It started even before he filed for office, when he persuaded state Sen. Karen Mayne, D-West Valley City, to host a joint meeting to help him get to know Democratic delegates in their shared area. Lee volunteered to make the invitation calls.
In the second call, he remembers saying, "Hi, this is Mike Lee. I'm running for the House of Representatives. I called to invite you to a meeting." After running through more information, he mentioned, "I'd like you to join me and Senator Karen Mayne."
The delegate who had remained silent finally spoke up. "I'm so glad you said, 'Senator Mayne,' because I was about to hang up on you. I thought you were Senator Mike Lee."
The Democratic Lee said, "It was at that point I knew I had to make a distinction between the two of us."
So he is temporarily using his legal, given name: Michael D. Lee, which will appear on the ballot and is on lawn signs sprouting up in his district.
"I've always been Mike," so it's a little difficult being Michael now, he said, adding that only his mother and his ex-wife ever called him by the more formal name.
When he talks to people on their doorsteps, "I initially tell people I am Michael, then I always find myself reverting back to Mike. I want to make sure that people know I am not him [the Republican], but I can't be someone who I am not."
People sometimes do a double take when it clicks that they have a politician named Mike Lee at their door.
"Last night, I had been talking to a man for two or three minutes. He finally jumps and says, 'You're Mike Lee?' I said, 'I'm not the Mike Lee you're thinking of. I don't even look like him,' " said the entirely bald candidate, who has never met his GOP counterpart.
He recounts how, when the Republican was running for the Senate, one lobbyist who had worked with him at the Legislature on some police issues, got his Mike Lees mixed up.
"I got a voice mail," said the Democrat. "He said, 'I've got a foursome to [GOP Sen.] Orrin Hatch's golf tournament and I was wondering if you want to come and play.'"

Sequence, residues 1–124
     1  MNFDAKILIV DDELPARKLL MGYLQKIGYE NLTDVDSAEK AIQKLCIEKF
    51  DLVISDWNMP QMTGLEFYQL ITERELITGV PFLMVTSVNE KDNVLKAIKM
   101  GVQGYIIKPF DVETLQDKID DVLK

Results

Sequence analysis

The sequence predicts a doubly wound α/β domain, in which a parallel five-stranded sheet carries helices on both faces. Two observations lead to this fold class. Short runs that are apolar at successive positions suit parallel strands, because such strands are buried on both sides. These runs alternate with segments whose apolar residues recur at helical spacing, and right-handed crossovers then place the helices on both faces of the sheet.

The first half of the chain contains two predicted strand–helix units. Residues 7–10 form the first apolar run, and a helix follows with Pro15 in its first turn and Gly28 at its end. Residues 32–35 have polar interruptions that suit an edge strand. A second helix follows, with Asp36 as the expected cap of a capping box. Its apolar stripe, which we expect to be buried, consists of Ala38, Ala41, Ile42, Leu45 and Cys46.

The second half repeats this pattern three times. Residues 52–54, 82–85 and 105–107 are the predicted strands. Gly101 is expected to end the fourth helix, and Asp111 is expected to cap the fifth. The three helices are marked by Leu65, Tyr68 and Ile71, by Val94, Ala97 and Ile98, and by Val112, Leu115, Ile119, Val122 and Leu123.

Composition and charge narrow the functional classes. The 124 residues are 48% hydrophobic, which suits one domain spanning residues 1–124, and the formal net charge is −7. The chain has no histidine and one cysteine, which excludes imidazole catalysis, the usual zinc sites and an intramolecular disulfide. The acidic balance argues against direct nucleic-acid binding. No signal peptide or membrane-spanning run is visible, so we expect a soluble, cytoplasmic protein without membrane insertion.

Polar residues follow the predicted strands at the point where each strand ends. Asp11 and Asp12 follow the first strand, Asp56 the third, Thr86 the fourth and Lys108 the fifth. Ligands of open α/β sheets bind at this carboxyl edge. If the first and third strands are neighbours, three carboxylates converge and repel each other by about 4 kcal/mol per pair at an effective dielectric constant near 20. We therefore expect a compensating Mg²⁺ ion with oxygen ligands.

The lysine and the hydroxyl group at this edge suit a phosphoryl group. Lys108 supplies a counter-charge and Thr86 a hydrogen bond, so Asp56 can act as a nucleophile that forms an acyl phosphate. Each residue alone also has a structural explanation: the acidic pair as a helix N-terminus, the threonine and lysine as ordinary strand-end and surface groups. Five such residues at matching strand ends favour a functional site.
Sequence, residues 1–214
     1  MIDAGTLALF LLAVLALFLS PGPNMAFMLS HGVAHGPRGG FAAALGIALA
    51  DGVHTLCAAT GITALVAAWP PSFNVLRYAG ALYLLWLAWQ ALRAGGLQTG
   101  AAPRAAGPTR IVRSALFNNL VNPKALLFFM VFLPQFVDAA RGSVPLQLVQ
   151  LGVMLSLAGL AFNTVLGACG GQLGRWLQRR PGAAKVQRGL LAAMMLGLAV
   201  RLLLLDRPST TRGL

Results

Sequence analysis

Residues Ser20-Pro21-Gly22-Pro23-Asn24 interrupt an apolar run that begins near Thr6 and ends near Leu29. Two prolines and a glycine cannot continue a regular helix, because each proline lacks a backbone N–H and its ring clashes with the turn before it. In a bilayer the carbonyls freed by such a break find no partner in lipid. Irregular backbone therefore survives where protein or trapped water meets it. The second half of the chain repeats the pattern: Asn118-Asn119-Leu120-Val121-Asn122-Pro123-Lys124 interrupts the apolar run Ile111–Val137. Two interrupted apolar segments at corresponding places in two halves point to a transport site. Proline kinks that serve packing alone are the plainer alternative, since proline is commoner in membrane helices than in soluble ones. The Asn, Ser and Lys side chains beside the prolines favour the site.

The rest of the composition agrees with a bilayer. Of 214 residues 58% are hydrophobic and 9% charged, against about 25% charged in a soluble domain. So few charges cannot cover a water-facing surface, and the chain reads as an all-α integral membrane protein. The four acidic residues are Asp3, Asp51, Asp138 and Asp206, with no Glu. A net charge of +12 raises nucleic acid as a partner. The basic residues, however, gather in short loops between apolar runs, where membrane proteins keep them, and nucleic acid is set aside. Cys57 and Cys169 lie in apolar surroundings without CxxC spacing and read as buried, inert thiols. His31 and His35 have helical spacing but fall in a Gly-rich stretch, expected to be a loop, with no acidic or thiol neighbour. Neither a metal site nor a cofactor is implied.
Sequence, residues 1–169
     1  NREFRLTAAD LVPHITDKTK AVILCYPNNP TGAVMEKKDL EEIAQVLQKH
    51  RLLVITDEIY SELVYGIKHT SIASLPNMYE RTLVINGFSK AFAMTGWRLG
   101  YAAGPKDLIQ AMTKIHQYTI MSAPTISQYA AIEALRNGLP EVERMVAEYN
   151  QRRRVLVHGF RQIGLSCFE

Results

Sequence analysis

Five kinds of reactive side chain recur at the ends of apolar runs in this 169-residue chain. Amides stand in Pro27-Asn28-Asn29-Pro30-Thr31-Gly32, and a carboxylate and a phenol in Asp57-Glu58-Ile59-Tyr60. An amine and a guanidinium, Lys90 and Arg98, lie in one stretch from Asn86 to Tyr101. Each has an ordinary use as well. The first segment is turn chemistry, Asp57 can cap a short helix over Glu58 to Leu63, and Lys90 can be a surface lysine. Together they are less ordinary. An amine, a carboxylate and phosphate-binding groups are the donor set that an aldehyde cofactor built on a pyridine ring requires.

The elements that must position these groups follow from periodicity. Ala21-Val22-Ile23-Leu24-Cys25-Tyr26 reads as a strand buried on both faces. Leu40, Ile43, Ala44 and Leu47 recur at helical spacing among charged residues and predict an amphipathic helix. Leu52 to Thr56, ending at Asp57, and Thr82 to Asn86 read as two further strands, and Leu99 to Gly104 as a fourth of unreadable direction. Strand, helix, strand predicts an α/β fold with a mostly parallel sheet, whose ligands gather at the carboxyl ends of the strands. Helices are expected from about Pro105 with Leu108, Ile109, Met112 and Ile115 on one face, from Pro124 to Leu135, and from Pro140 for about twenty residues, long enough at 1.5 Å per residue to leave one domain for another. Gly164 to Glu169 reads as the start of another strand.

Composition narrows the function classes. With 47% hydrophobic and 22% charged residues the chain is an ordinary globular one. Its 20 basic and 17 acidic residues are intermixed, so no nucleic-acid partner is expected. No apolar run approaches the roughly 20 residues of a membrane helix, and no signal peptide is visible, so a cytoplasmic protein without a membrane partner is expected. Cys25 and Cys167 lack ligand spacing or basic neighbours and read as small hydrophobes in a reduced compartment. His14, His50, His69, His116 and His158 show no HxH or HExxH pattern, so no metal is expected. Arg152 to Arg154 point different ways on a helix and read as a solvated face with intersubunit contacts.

So the Democrat called back and left his own message: "I'd love to come to your golf tournament. I don't know if you mind, but I'd like to bring Sam Granato as my partner." Democrat Granato was running against the Republican Mike Lee at the time.
The lobbyist called back sheepishly acknowledging that he had called the wrong Mike Lee.
"I know you did, the Democrat said. "I was just messing with you."
He's says it's been interesting for him on the campaign trail this year to see the depth of passion inspired by the Republican senator.
"I've learned that people love him or hate him. There's a lot of people out there who adamantly despise the man."
On the other hand, he says, the Republican also has plenty of "people who are passionately for him" and are a little disappointed when they discover he's a different Mike Lee.
"I honestly don't know if it's going to negatively or positively impact me" as people vote, the Democrat says. If some Republicans accidentally believe they are voting somehow for the conservative as they cast a ballot, the Democrat says, "I'll take it."
But his opponent believes it may go the other way.
"There may be some Democrats who see his name, think it is Republican Senator Lee, and refuse to vote for him," says former Rep. Fred Cox, R-West Valley City.
Lee says he is trying to create his own identity as a defender of west-siders by conducting a door-to-door campaign every night, planning social media and Internet advertising and even running some cable TV ads.
House District 30 is seen as one of the few truly competitive districts in the state.
Current Rep. Janice Fisher, D-West Valley City, is retiring two years after the district was redrawn, forcing her into a showdown with Cox, also an incumbent. She won that hard-fought race.
But now Cox is back to try to reclaim the district.
Lee has run unsuccessfully twice for the House, but never against Cox.
The Democrat has outraised Cox, $22,500 to about $4,500, according to disclosure forms.